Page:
The Fund’s board chairman, Olusoji Adeniyi, has denied the severity of the problem. In February 2016 he informed staff unions, who had asked the board to convene an extraordinary meeting, that:
“the bulk of the backlog will be practically eliminated by early June. The Fund will be returning shortly thereafter to processing times of between one and two months after receipt of all separation documentation and payment instructions and provided there are no documentation discrepancies… an extraordinary meeting of the Pension Board would be unnecessary and counterproductive.”
Despite this promise and despite performance targets set by the UN to reduce the backlog completely by the end of May, the ongoing backlog still remains significant. Further, checks show that when the Fund provided the UN and PWC with data to claim that the backlog, as it stood at 1 March, had been eliminated, that data omitted over 400 cases from 2015. Staff union forecasts, which the Fund has acknowledged as correct, show the backlog being eliminated by end 2016.
New human resources policy undermines independence of staff who manage our money and exacerbates climate of fear inside Fund
In 2014 we campaigned to block new staff rules for the Fund that would have separated it from the UN. Last year we campaigned, again successfully, to block a memorandum of understanding with the UN that would have achieved the same thing. At the time, the Secretary-General’s chief of staff, Susana Malcorra promised that no changes would take place without consultation the staff unions. Yet in April this year the UN Assistant Secretary-General for Human Resources Management issued this memo (https://www.ccisua.org/wp-content/uploads/2016/07/OHRMASGMemo.pdf), which goes well beyond the proposed flexibilities that were successfully blocked last year and effectively creates a new human resources policy at the Fund.
Given the Fund CEO’s practice of using flexibilities to favour staff with whom he either has a close relationship or who are willing turn a blind eye to internal rules and procedures, we believe that the following flexibilities, which are not limited in time and yet are banned within the UN, will discourage Fund staff, who are UN staff, from standing firm on the rules that protect our money, will lead to principled staff being sidelined, will create a department managed on the basis of favouritism, and exacerbate an existing culture of fear.
It should be noted that the mismanaged implementation of the new IPAS pension system relates in part to the CEO’s lack of communication with his middle managers, his ignoring the suggestions of experts within the Fund and fear of his staff to point out errors.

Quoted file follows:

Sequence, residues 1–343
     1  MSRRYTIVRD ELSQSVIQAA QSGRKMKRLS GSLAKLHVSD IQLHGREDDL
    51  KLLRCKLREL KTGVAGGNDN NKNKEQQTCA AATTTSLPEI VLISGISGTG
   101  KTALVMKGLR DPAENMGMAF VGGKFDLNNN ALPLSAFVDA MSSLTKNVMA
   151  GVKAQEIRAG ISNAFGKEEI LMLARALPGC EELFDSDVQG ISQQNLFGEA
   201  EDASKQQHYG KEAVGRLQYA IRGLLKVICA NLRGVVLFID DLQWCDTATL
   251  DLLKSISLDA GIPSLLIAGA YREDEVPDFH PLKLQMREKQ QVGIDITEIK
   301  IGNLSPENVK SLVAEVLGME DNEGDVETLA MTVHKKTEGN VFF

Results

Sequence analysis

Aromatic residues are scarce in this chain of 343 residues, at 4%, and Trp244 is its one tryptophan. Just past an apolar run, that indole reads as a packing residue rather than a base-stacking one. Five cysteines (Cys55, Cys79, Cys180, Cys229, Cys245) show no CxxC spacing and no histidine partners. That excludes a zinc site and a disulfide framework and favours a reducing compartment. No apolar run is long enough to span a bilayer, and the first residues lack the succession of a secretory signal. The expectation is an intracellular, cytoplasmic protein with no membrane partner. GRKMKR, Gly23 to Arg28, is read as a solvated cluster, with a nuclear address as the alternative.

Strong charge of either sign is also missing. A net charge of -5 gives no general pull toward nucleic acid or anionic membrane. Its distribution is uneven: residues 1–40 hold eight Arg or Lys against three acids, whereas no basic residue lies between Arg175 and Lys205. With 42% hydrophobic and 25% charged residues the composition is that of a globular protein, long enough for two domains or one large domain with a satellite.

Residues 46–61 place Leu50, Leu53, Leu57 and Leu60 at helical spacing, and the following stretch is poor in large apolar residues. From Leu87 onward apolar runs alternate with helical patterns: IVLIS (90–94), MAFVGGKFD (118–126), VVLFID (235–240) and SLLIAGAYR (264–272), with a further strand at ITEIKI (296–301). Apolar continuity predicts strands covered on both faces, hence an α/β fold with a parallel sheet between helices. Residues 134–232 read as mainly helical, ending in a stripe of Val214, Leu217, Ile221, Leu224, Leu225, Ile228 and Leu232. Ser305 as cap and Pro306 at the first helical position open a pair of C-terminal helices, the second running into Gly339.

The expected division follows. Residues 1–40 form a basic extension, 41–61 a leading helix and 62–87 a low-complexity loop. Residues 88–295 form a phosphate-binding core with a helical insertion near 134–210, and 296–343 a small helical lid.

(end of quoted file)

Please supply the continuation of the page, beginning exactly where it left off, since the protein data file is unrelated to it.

UN management has informed us that its intention is for the memo to be limited in time. However, there is no stated expiry date. And even its temporary application has permanent and damaging consequences. This is why the staff unions ask the Secretary-General to rescind the memo.
Features of concern in the memo are:
- No minimum post occupancy or prior lateral move requirements. This allows the rapid promotion of some (but not all) staff without the need to gain broad technical and management experience required for senior positions.
- Retired staff may be rehired for up to a year without the posting of a temporary job opening. This means that current staff are unable to compete for positions at higher levels as these will be filled by former staff and not advertized.
- Staff with temporary appointments may apply for the posts they sit on without any period of ineligibility, a practice that was discontinued at the UN for reasons of fairness.
- ASAT tests will not be required for recruitment of GS staff, at a time when the Fund more than ever needs qualified staff to handle the payment delays.
- Staff may also be retained beyond retirement, denying career progression to current staff, preventing succession planning and discouraging the transfer of skills.
No OIOS investigation to-date into allegations against the CEO.
In April 2015, serious allegations were made against the CEO by his own staff on how he had been managing the Fund. These were reported in the press: http://www.ai-cio.com/channel/regulation,-legal/un-pension-accused-of–massive-fraud-/ and http://www.innercitypress.com/unpf3newcontroversyicp032915.html. Despite requesting an investigation from OIOS, this has not been forthcoming. Instead, OIOS has only conducted a procedural audit, which omits the interviewing of witnesses required to get to the bottom of the allegations. It should be noted that an OIOS official who used to audit the Fund was recently selected for a D-1 position at the Fund, a conflict of interest that was never reported.